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October 17, 1936     Arkansas Catholic
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October 17, 1936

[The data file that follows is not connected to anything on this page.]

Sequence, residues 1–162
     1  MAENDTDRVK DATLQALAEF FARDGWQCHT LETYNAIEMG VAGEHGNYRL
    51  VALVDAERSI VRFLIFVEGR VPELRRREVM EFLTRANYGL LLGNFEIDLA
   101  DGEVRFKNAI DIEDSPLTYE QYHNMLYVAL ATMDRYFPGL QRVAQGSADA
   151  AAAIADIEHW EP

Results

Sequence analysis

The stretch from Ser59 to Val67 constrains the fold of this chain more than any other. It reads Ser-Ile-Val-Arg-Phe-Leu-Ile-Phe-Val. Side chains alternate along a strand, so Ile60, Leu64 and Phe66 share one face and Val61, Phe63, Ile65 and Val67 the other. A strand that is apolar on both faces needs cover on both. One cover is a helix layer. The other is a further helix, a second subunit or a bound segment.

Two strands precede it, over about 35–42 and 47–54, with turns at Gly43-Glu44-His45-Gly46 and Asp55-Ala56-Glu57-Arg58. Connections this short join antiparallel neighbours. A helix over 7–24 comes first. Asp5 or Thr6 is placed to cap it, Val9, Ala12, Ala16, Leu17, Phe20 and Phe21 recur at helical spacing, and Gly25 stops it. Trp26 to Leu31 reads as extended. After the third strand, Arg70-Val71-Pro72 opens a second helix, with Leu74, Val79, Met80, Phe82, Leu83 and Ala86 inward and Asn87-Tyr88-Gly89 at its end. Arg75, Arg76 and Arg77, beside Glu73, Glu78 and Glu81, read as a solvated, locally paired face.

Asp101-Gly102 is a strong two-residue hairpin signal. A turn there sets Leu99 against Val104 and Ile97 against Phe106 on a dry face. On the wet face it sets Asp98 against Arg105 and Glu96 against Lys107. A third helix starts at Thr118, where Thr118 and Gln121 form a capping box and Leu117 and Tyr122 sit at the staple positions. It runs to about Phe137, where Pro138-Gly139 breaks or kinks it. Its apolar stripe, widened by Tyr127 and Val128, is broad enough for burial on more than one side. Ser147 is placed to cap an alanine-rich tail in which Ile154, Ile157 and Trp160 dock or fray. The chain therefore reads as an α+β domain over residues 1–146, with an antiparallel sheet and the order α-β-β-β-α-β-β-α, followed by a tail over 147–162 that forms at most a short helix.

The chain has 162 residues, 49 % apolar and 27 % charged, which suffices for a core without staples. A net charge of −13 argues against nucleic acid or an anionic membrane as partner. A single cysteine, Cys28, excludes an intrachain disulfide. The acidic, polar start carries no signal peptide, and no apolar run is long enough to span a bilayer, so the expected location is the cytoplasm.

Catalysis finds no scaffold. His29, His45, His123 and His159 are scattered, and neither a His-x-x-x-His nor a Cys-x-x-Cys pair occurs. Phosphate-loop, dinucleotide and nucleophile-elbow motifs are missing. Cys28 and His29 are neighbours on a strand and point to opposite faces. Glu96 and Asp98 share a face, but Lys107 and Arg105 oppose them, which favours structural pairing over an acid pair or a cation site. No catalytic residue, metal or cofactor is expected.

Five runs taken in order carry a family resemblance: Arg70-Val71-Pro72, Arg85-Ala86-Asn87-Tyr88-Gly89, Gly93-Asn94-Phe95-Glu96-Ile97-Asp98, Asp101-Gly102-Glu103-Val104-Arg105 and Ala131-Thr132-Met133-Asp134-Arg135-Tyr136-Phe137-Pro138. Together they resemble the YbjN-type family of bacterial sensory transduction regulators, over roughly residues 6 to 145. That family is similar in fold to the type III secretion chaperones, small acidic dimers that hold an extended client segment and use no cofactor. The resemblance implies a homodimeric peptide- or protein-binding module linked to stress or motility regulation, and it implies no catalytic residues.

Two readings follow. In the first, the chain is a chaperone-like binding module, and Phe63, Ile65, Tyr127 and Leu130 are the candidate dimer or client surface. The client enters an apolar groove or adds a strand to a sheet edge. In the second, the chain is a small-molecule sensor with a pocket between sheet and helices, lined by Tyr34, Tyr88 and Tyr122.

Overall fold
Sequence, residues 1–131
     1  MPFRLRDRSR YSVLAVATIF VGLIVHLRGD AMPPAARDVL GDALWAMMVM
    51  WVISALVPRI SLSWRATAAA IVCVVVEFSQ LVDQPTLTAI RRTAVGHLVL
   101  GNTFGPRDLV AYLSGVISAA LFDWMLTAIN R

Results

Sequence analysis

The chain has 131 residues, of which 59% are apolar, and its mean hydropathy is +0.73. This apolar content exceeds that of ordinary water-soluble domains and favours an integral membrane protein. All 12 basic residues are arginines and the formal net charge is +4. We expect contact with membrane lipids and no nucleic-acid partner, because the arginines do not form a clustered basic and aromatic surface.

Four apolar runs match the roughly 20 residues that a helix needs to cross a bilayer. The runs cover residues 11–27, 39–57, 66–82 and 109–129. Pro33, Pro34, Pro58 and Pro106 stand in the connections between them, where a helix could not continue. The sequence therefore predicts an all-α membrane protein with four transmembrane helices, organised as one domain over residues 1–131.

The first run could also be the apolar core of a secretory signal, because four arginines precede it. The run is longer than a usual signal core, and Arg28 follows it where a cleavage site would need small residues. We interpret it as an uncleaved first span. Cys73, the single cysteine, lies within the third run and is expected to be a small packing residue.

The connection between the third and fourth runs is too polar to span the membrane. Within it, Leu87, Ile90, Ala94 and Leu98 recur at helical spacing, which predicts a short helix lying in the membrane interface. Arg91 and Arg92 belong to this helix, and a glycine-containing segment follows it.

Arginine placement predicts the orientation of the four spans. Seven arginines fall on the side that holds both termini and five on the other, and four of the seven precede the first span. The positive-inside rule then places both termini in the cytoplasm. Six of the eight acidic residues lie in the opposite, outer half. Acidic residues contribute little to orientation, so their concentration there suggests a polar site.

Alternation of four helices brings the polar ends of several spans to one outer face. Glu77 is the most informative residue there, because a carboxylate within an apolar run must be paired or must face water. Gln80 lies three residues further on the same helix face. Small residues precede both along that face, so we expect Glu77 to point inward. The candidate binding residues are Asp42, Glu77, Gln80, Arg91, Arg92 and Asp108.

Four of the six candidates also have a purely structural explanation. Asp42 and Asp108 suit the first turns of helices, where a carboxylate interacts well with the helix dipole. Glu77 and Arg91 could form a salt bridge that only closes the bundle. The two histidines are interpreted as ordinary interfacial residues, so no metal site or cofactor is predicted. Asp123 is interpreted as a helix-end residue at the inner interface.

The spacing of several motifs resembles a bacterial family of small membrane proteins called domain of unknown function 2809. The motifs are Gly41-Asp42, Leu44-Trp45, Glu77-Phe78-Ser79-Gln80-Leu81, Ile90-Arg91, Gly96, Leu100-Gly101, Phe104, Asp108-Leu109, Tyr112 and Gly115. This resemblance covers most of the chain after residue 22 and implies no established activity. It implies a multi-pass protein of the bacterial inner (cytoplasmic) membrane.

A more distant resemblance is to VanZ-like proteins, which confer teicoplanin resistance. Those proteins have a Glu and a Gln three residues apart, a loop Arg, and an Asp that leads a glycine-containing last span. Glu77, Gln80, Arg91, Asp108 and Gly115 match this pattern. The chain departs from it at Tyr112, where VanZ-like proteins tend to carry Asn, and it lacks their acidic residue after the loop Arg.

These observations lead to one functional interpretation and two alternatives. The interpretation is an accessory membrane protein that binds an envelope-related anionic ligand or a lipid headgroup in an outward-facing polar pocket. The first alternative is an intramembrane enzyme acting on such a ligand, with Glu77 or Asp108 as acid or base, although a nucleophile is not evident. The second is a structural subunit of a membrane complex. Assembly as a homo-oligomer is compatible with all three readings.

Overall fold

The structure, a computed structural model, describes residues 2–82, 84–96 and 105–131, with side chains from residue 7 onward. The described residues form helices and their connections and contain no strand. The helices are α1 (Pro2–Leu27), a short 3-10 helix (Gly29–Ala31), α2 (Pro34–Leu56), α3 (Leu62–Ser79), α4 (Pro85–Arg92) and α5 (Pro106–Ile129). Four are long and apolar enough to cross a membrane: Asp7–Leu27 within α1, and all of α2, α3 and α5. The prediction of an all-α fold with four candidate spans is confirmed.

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...... Page Four Crucifix His 0nly Weapon Priest Tells Interviewer By M. Massiani (Paris Correspondent, N. C. W. C. News Service) Paris, Oct. 5. (EL--Canon Cam- arasa of the Madrid Cathedral, the priest who entered the Alcazar at Toledo, was recognized in Paris by a reporter for Figaro. The priest was not wearing clerical garb and was traveling incognito to avoid the curiosity of the crowd. The reporter succeeded in ob- taining an interview but the most interesting of the priest's confid- ences were given to him with the understanding that they would not be published. "Pardon my appearance," Canon Camarasa said to the reporter, "but Spanish priests have had to forego the wearing of cassocks." Canon Camarasa is one of the most celebrated orators on the Iberian peninsula. It was doubt- less due to his reputation as a speaker that he was selected for the delicate mission of entering the Alcazar. He is 50 years old. Silvery hair crowns a grave sad face in which brown" eyes glow with a gentle light. He speaks French with remarkable elo. quence, the Figaro reporter states. Cross His Only 'Weapon' "Were the besieged warned long in advance of your coming?" the reporter asked. "On the afternoon before," Canon Camarasa replied. "In one of the houses near the Alcazar there was a loudspeaker used for transmissions. When they wished to communicate with the besieged,' someone called into the micro- phone: 'Hello! Hello, Alcazar!' The firing stopped soon afterward." "Were you accompanied?" "I was accompanied by the milita as far as their most ad- vanced positions. Then I advanc- ed alone. A Crucifix was my only weapon . . . At the Alcazar they bandaged my eyes before leading me across the line of combatants. On the return they neglected to do so and I set out toward the Governmental troops, always clutching my Crucifix." "Is it true," the reporter asked, "that while you were in the Al- cazar the bombardment, which had been held up, recommenced?" Heard Confessions "No," Canon Camarasa stated. "During my three hours' visit not a canon was fired." "Could you tell what was the reception of the besieged?" "I said Mass, baptized some chil- dren and heard the confessions of the dying." Canon Camarasa refused to make any statement about what he had seen within the Alcazar. When questioned about the role of clergy in the Spanish tragedy, he said "The mission of the priest is to help. During my entire life I have never taken part in politics. Ecclesiastics should be as the stars that shine above the clouds." CARDINAL PACELLI VISITS U. S. -- IIOLDS HIGHEST CHURCH HONORS (Continued from Page 1) many. During the war, as Papal Nun- cio to Bavaria, he had occupied a central position in promoting the last effort of Pope Benedict XV, in 1917, to prevail upon the powers to consider proposals of peace. How near to success this great effort came and the promi- nent part played in the negotia- tions by the Nuncio was revealed by the publication in later years of the memoirs of several notable figures of war-time Europe. An outstanding monument to the diplomatic career of Cardinal Pacelli is the Concordat concluded between the Holy See and Prus- sia. Prior to entering upon his early duties in the Secretariat of State, Cardinal Pacelli, early in his priestly career was appointed a substitute Professor in the Law courses of the Roman Seminary. Soon thereafter he was made an apprentice in the Secretariat of State, then titular Professor of Canon Law and Minutante (of- ficial of the first class) in the Sacred Congregation of Extraor- dinary Ecclesiastical Affairs. His Eminence Pierre Cardinal Gasparri, then an Archbishop and Secretary of the Congregation, through arrangement with Pope 'Plus X and Cardinal Merry del JONESBORO'S SHOPPERS' GUIDE "THE QUEEN CITY OF NORTHEAST ARKANSAS" Trade With These Merchants, They Will Appreciate Your Patronage DEMAND THE BEST BETTY JANE America's Finest Flour JONESBORO GROCER CO. WHOLESALE DISTRIBUTORS JONESBORO HARDWARE CO. (INCORPORATED) ANYTHING IN HARDWARE Phone 110 400 MAIN STREET JONESBORO TRICE BROTHERS, Inc. JONESBORO GREATEST FURNITURE STORE Phone 167 313-15 So. Main Taylor Wall Paper & Paint Company GLASS OF ALL KINDS--PITTSBURGH PAINTS AND WALL PAPER AT MAIL ORDER PRICES No Job Too Small or Too Large 220 South Main St. Telephone 722 Jonesboro, Ark. C.& COMPLIMENTS OF S. DEPARTMENT STORE FORMERLY ROSENFIELD'S WILLETT'S BAKERY MAKERS AND BAKERS OF GOOD THINGS TO EAT PASTRY SHOP AND DELICATESSEN Phone 524 823 South Church Street i Z. T. MATTHEWS & SON THE STORE FOR WOMEN QUALITY GOODS AND REASONABLE PRICES DRY GOODS AND WOMEN'S WEAR THE Val, then Secretary of State, per- suaded Monsignor Pacelli to de- vote all of his time to the diplo- matic service of the Church. tie ecame Under-Secretary and then Pro.Secretary of the Congregation and was promoted to Secretary by Pope Benedict XV. He was sent to the Nunciature of Ba- varia in 1917. Late in 1934, Cardinal Pacelli made his first visit to the New World when he journeyed to Buenos Aires as Papal Legate to the International Eucharistic Con- gress. The Cardinal visited and spoke also in Rio de Janeiro. Everywhere he was received with the highest honor and on his de- parture remarked that Latin America had given to the world edifying evidence of its devotion to the Holy Eucharist and to the Papacy. Praise for Latin America "Latin America," he said, "in honoring so royally the King of the Eucharist has honored itself m an.unforgettable way and has shown to the entire Catholic world the Catholicity of its heart." 'Pentecostal Eloquence' Recently, in a discourse at the opening of the International Con- gress of the Catholic Press in Vat- ican City, Cardinal Pacelli per- formed a linguistic triumph which was described by the Holy Fath- er as "Pentecostal eloquence." His hearers, Catholic journalists from all sections of the world, were amazed when the Cardinal, with- out reference to notes and with perfect ease, addressed their ses- sions for a solid hour, speaking in seven languages m Italian, French, Spanish, Portuguese, Ger- man, English and Latin. In his young manhood, Cardinal Pacelli learned his native Italian, Spanish, French arid Latin. Be- fore he became Nuncio to Ba- varia, he learned German. He ac- quired Portuguese by taking a tutor with him on his journey to South America, and English since he became Secretary of State. It is the plan of the Cardinal to visit American Cardinals. He will be the guest of the Apostolic Delegation in Washington, D. C. ! WEEKLY CALENDAR OF FEAST DAYS Sunday, October 18.--St. Luke was a physician at Antioch. He was one of the converts of St. Paul. He is best known as the historian of the New Testament. The Acts of the Apostles were written by this evangelist as a sequel to his Gospel, bringing the history of the Church down to the first imprisonment of St. Paul at Rome. From St. Paul's Epistles we learn that St. Luke was his faithful companion to the end. He was martyred in Achaia. Monday, October 19.--St. Peter of Alcantara early in life entered the convent of the Discalced Fran- ciscans. He rose to high posts in the Order but inspired by a de- sire for penance, in 1539, when he was forty years old, he found- ed the first convent of the "Strict Observance." Among those whom he trained to perfection was St. Teresa. He approved her spirit of prayer and strengthened her to carry out her reforms. St. Peter died while kneeling in prayer in 1562. Tuesday, October 2O.St. John Cantius was born in Kenty in Poland in 1403 /and studied at Cracow. For a short time he was in charge of a parish but, desiring to escape the burden of responsibi- lity, he returned to his life as a professor at Cracow. There for many years he lived a life of'un- obtrusive virtue, self-denial, and charity. Wednesday, October 21. -- St. Ursula, virgin and martyr, when the Saxons were harassing Eng- land gathered a number of chil- dren entrusted to her care, and with certain adults who followed her direction, took refuge in Gaul. There she was exposed to the most shameful outrages at the hands of the Huns, but without wavering the members of her entire party preferred death to shame. St. Ursula, herself, set the example. She has been regarded as the patroness of young per- sons and the model of teachers. Thursday, October 22. -- St. Hilarion was born of heathen par- ents, near Gaza, and was con- verted while studying grammar in Alexandria. Shortly after he visited St. Anthony, and, still only in his fifteenth year, he be- came a solitary in the Arabian desert. Friday, October 23.---St: Theo- doret, martyr, who was inluman- ly tortured before being slain be- cause he assembled the Christians GUARDIAN, OCTOBER 17, 1936 Prefect Apostohc The Right Rev. Msgr. Thomas Megan, S.V.D., recently appointed first Prefect Apostolic of the new- ly created Prefecture Apostolic of Sinsiang, lfl the Province of Honan, China. Monsignor Megan hails from Eldora, Iowa, and was ordained priest at Teehny, Illinois, 111 1926. i ROSARY COLLEGE RE-LIGHTS WORLD PEACE CANDLE River Forest, Ill., Oct. 8. (E).-- International peace was striking- ly suggested at Rosary College yesterday, when the ceremony of lighting the peace candle was car- ried out by Miss Helen Healey, of Rockford, president of the Student Association, assisted by Miss Isabel Cruz, Pueblo Indian from Santa Fe, and Miss Paquita Vallecillo, of Puerto Rico. The custom of lighting the peace candle was inaugurated last year at Rosary College to stimulate the interest of the student body in the cause of international peace. The candle remains in the college chapel as a symbol of the beauty of peace and brotherhood in Christ, and is relighted during certain chapel exercises through- out the year. The regional meeting of the Catholic Association for Interna- tional Peace will be held at Rosary College in November. Catholic League Correspondence Converted 2,000 New York, Oct. 3. (El. -- The Catholic Unity League of the Paulist Fathers here reports that it has been responsible for 2,- 000 conversions through corres- pondence in the 19 years it has been in existence. This report is made by the Rev. Bertrand L. Conway, C. S. P., spiritual director of the League. In the course of the 19 years, Father Conway reveals that the League has loaned a total of 146,- 725 books, of which 14,483 were loaned last year. Last year the l League sent out 12,970 letters to ' inquirers. The League sends books to 1,- 146 cities in the United States, 37. cities in Canada, and 69 cities in foreign countries. been closed by Julian, an uncle of the emperor of that name and like him an apostate. Saturday, October 24.  Saint Magliore, tishop. When the father of his cousin, St. Sampson, was cured by prayer Magliore and his father and mother and two broth- ers gave all their goods to the poor. Magliore entered a mon- l astery 'and succeeded Sampson as Abbe of Dole and Bishop. He died in 575. NOW'S THE TIME. "The best time for study club work is ordi- ]narily the winter months from about October to May. Advent and Lent are particularly ap- propriate times for the study of religious subjects. The number of meetings each month will depend on the convenience of the mem. bers, but a meeting should be held at least once a month and if: possible twice a month."--Aids to: Catholic Action, N. C., Washing- ton, D. C. Catholic Mothers Tell Confraternity Their Views On Religion In The Home Catechetical Congress Speakers Stress Im- portance of Trained Lay Workers-Members Of Hierarchy Partici rote in Sessions. New York, Oct. 6. (EL--Four American Catholic mothers gave their opinions concerning relig- ious instruction in the home at a general session last night of the 3,000 delegates attending the Na- tional Catechetical Congress of the Confraternity of Christian Doc- trine. Representing the Catholic moth- ers of America, the four mothers who spoke tonight urged a great- er freedom of expression and in- quiry, and parental example con- sistent with the teachings of the' Church, as the best methods of instructing Catholic children in the truths of their religion. The Most Rev. John B. Peterson, Bish- op of Manchester, was honorary chairman of the meeting, and Pat- rick F. Scanlan, Managing Editor of the Brooklyn Tablet, presided. Religious Background The keynote of the session, which was on "Religion in the Home," was sounded by Mrs. Jno. S. Reilly of New York, a well- known radio commentator and the mother of seven children, when she said it was "inescap- ably the function and duty of parents to guarantee the religious beliefs and background of their children." Urging a certain amount of self,education for Catholic par- ents, she said that they must make themselves intelligent about their religion. "Not only should the better Catholic periodicals be available in our homes," she declared, "but we ourselves should read them regu- larly and faithfully in order to become saturated with the Cath- olic attitude on the questions of the day. And we should further help ourselves by forming study clubs for parents where we may exchange our anxieties and prob- lems for those of other serious-i minded and Conscientious Catho- lic mothers and fathers." Developing of Character "It seems peculiarly the func- tion of the mother to inspire in her child a sense of the all- pervading love of God--a love which is natural for the child to return," she continued. "This love of God should form the whole pattern of his life---be the reason and the means for developing the character traits which prepare us all to face life as Catholics and children of God." In a radio address broadcast over a national hookup by the Columbia Broadcasting System, the Very Rev. Francis A. Walsh, O. S. B., Director of the National Center of the Confraternity of Christian Doctrine, blamed neglect of religious education in the young for the present "decay of civiliza- tion." Fruits of Religious Decay "Something has been lost by the modern young man," he said. "It has been left out of his school work, nd he has found compara- tively little of it elsewhere. This something s religion. The world today is gathering the fruits eli religious decay. In the struggle to keep religion in education the Church has met with opposition so great, that considering the Ameri- can nation as a wfiole the majority of children today learn little or nothing of religion during their formative years." Youth will play an important part in making Catholic principles "once more a working influence in the home and in the nation," he said. "Catholic Action means Catho- lic unity, Catholic prayer, Catho- teaching. It means obedience lltio c law and respect for authority. Action requires strength; spiritual action requires spiritual strength. Spiritual strength is obtained from solid Christian doctrine and recourse to the Father of Lights." There is no knowledge more in- trinsically true than that which is wriften in our own conscience--- that of not doing to others what we would not suffer in ourselves. Enclose my heart in thine, dear Mother, for there I shall be safe from my enemies and shall learn to love thy Son.  Mother Mary Philip. I. B. V. M. EVIDENCE GUILD CHAPTER FORMED AT NOTRE DAME00 Notre Dame, Ind., Oct. 8. (E).-- Under the guidance of Professor Arnold Lunn, noted English writer and critic, a new chapter of the Catholic Evidence Guild is in pro- cess of organization among stu- dents of the University of Notre Dame. A series of debates will be held during the next months along the lines followed by the militant Catholics of England. Development of the guild plan at Notre Dame will be coordi- nated with the work of the new graduate department of Catholic Apologetics which was instituted this year in an effort to develop trained lay writers and speakers competent to discuss questions of political and economic moment from the Catholic viewpoint. Mr. Lunn is conducting courses in the new department as a mem- ber of a faculty which has been assembled for the purpose from this country and abroad. Others in this group include Dr. Arthur Haas, internationally known phy- i sicist formerly of the University :of Vienna, and Christopher Hollis, English economist who will spend half of the next three years in residence at Notre Dame. 500 Group Members Entered Religious Orders in 10 Years New York, Oct. 6. (EL--Five hundred members of the Little Flower Mission Circle of New York have entered 70 religious Orders in the last decade, ac- cording to figures released by the Rev. Joseph J. Strauss, C. SS. R., Spiritual Director of the Circle. The Circle was organized in 1926 by a Redemptorist to en- courage religious vocations among girls. It is also announced that the Circle is conducting an essay con- test for school girls on the sub- ject, "Why is the Religious Voca- tion the Best of all?" Cash prizes of five, three, two and one dol- lars are offered to the winners in that order. The contest closes December 15. It is required that the essays contain between 300 and 500 words. Nurses of Thirty Nations Expected at London Convention New york, Oct. 9. (lO.Word has been received from the head. quarters of the International Com- mittee of Catholic Federation of Nurses concerning the program and exercises for the international convention to be held in London next July. The communication has been re- ceived by the Rev. Edward F. Garesche, S. J., General Spiritual Director of the International Corn- mittee, and gives convention. It is expected that tives from 30 nations, ious and lay, will attend sions. The convention on July 14 with a Most Rev. Arthur bishop of Westminster, Archiepiscopal ResidenCe. next day, there will be and General Communion minster Cathedral. days will be taken up with gram in which many nations will be general sessions of the will end the evening af J The following day, will be a special section of religious McKesson - Established 155: of Drugs Druggist , r Service :-: Phone 4-8561 : Little Rock, il': A (ALSO TRUCKS) $25 TO $1 PAY AS YOU [CAR REMAINS IN YOUR NO LARGE CAR NEED NOT BE NO NO RED LOANS MADE We can refinance your ditional cash, v, nd still ments. DRIVE TO oUR FREE PHOENIX 6th and IN" THE DISTRICT UNITED STATES TRICT OF ERN Union & Planters Ban pany and Union Bank & Trust CompanY, Commodore Corporation, Vfl. T. H. Durrett and wife and J. A. Jones and Jones, Defendants. 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